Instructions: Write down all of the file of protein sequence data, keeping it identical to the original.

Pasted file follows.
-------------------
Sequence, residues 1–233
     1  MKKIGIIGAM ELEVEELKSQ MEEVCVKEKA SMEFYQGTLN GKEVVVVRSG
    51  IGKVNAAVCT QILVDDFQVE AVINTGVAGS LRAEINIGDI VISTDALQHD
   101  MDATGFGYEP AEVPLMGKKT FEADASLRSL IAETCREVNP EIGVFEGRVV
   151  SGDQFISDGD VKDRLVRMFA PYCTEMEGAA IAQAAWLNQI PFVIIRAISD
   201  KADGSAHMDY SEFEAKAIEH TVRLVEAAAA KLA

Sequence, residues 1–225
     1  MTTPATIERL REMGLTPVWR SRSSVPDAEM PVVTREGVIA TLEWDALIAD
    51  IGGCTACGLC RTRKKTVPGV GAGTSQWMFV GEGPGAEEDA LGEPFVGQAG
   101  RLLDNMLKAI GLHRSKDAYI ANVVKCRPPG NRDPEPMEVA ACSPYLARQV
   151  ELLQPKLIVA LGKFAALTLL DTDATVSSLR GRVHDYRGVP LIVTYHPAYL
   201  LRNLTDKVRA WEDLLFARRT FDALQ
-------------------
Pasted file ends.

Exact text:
Sequence, residues 1–233
     1  MKKIGIIGAM ELEVEELKSQ MEEVCVKEKA SMEFYQGTLN GKEVVVVRSG
    51  IGKVNAAVCT QILVDDFQVE AVINTGVAGS LRAEINIGDI VISTDALQHD
   101  MDATGFGYEP AEVPLMGKKT FEADASLRSL IAETCREVNP EIGVFEGRVV
   151  SGDQFISDGD VKDRLVRMFA PYCTEMEGAA IAQAAWLNQI PFVIIRAISD
   201  KADGSAHMDY SEFEAKAIEH TVRLVEAAAA KLA

Sequence, residues 1–225
     1  MTTPATIERL REMGLTPVWR SRSSVPDAEM PVVTREGVIA TLEWDALIAD
    51  IGGCTACGLC RTRKKTVPGV GAGTSQWMFV GEGPGAEEDA LGEPFVGQAG
   101  RLLDNMLKAI GLHRSKDAYI ANVVKCRPPG NRDPEPMEVA ACSPYLARQV
   151  ELLQPKLIVA LGKFAALTLL DTDATVSSLR GRVHDYRGVP LIVTYHPAYL
   201  LRNLTDKVRA WEDLLFARRT FDALQ